Barbara Kim Stanton
Hawai‘i Herald Columnist

Imagine all of O‘ahu’s shoreline parks linked together from to Nänäkuli. You’d be able to walk or bike along the shoreline — from park to park — mostly away from traffic, and enjoy easy access to the beauty and recreational activities in our parks.

It’s been a dream of planners for decades, and on Saturday, Sept. 1, it will become reality for three parks: Ala Moana Beach Park, Kewalo Basin Park and Kaka‘ako Waterfront Park. The Lei of Parks “pop-up” will utilize temporary signs, chalk ground stencils and traffic controls which will allow people to walk and bike through all three parks for one day. The entire route is only about three miles long and will give users a glimpse into what could be O‘ahu’s recreational future.

“This is a small slice of what we hope will happen all along the south shore (of O‘ahu) to make it more accessible,” said Lea Hong, state director of The Trust for Public Lands’ Hawaiian Islands Program, which is organizing the event.

AARP is supporting the Lei of Parks through a Community Challenge Grant donation. We hope it helps to showcase Honolulu as an age-friendly and livable community — a place where people of all ages can enjoy the great outdoors.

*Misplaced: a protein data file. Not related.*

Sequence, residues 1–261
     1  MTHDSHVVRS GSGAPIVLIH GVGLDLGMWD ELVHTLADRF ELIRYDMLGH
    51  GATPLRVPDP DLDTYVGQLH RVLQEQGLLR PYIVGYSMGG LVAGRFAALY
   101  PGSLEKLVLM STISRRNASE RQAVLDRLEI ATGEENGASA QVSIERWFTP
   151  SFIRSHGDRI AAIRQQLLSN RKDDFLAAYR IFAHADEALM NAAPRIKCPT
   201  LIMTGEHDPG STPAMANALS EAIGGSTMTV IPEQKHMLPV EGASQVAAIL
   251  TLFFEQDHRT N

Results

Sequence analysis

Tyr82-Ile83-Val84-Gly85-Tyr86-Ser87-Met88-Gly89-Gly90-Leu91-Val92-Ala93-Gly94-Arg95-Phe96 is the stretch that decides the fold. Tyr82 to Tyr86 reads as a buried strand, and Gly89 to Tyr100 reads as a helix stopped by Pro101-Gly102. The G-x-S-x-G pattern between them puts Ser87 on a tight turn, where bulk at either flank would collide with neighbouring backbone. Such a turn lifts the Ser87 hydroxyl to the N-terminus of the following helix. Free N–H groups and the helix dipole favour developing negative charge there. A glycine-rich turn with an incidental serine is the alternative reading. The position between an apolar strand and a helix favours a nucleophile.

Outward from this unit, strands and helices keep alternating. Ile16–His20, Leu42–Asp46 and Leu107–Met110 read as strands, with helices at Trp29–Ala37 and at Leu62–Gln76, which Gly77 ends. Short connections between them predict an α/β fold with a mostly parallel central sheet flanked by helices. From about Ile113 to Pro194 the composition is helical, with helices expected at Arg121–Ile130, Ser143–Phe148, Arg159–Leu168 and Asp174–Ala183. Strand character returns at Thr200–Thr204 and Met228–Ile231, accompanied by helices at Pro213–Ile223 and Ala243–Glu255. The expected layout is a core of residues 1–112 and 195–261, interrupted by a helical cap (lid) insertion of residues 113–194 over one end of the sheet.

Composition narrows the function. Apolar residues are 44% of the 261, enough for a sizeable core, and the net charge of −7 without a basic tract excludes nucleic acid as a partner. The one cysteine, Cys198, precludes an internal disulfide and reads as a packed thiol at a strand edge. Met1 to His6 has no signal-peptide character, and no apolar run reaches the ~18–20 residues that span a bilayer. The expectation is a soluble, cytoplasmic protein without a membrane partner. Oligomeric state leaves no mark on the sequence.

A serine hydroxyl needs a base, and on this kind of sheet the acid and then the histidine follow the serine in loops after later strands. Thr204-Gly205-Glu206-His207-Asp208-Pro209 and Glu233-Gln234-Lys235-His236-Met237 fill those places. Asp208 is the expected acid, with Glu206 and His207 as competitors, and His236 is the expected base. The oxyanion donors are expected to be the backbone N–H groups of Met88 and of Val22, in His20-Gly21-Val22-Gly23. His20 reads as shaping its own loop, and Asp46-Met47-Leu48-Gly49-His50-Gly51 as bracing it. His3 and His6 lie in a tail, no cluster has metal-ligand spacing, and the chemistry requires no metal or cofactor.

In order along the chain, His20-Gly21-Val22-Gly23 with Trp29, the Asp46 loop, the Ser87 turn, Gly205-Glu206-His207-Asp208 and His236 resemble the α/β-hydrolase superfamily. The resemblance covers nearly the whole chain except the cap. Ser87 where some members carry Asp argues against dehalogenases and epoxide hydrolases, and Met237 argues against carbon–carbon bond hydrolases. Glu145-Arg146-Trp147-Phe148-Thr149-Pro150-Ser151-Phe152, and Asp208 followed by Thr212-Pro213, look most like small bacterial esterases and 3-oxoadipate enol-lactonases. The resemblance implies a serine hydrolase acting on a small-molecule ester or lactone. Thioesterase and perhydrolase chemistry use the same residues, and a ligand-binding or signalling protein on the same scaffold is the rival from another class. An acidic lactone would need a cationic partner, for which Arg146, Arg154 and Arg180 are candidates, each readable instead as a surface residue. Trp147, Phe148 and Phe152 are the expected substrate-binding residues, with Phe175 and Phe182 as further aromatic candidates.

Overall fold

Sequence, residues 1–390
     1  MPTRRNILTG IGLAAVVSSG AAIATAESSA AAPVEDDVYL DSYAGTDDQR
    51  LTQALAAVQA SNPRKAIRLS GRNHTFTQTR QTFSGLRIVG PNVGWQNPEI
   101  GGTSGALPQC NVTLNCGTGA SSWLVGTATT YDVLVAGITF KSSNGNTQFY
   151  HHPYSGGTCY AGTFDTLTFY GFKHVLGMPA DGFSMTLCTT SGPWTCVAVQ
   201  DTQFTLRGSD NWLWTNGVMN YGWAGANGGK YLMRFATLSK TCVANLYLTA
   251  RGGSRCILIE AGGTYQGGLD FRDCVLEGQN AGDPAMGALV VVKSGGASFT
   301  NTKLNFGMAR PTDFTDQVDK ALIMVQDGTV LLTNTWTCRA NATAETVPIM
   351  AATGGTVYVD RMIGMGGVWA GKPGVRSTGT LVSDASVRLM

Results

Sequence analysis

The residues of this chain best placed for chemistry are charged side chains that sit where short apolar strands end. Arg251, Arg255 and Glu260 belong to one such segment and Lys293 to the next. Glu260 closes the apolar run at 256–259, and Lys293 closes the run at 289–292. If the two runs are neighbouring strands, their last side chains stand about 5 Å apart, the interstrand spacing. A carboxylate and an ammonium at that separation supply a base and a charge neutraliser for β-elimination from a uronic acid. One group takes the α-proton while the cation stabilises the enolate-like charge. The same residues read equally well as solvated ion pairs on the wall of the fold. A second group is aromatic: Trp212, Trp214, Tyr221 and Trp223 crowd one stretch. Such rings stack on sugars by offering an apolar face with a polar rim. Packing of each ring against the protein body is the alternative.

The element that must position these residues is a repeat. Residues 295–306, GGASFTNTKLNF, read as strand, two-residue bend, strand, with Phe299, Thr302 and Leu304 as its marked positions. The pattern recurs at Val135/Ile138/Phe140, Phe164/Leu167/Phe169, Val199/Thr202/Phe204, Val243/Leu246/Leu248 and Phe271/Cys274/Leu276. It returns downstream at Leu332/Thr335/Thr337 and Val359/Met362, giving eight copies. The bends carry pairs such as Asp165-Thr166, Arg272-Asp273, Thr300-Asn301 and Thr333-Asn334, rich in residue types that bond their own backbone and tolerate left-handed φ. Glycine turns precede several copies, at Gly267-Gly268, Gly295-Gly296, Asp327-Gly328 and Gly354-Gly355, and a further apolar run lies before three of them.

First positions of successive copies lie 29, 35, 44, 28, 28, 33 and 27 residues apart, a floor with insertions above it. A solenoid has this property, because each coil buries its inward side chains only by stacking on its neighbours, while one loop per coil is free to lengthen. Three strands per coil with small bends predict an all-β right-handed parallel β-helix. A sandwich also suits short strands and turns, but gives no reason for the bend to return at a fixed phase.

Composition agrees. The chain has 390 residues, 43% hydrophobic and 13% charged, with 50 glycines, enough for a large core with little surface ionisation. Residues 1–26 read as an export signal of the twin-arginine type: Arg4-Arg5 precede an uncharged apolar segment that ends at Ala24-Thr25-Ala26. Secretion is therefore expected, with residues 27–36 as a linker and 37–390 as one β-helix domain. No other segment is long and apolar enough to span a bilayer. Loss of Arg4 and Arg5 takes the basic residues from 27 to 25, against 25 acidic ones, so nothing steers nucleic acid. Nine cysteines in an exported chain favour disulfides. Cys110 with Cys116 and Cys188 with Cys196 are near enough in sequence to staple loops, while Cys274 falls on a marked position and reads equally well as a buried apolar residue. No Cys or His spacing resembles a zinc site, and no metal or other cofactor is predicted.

Activities are planned at all three parks. Bikeshare Hawaii will kick off a free social rides program, sponsored by AARP, to encourage people 50 and older to bicycle and to use its Biki rideshare bicycles. AARP Hawai‘i will also sponsor a “Walk with a Doc” program with Dr. Theresa Wee. There will also be walking tours of exceptional trees in the park and of historic sites, yoga, a beach volleyball clinic and a keiki-friendly bicycle ride. Participants who collect three stamps from “passport stations” in the parks will be eligible to enter a drawing for Alaska Airlines plane tickets.

Having parks and access to walking and biking path improves your quality of life, and it’s healthy. Research shows that people who live close to parks and walking paths exercise more than people who don’t. Residents of neighborhoods with greenery also enjoy stronger social ties than those who live in areas with more concrete than green space. That’s important because people with strong social ties live longer than people who live more isolated lives.

The Lei of Parks event is a first step in the right direction. There are still barriers to linking O‘ahu’s south shore parks. The land along the route is a mix of private, city, state and federal lands. There are also various agencies involved — the military, harbors, airports, National Parks Service, city Department of Parks and Recreation, and state Department of Land and Natural Resources. The rail project and transit-oriented development will also play a role in making the parks more accessible to people.

But for one day in September, it will be enough to simply enjoy our parks and dream of the possibilities.

To learn more and/or sign up to join AARP in the Lei of Parks, visit


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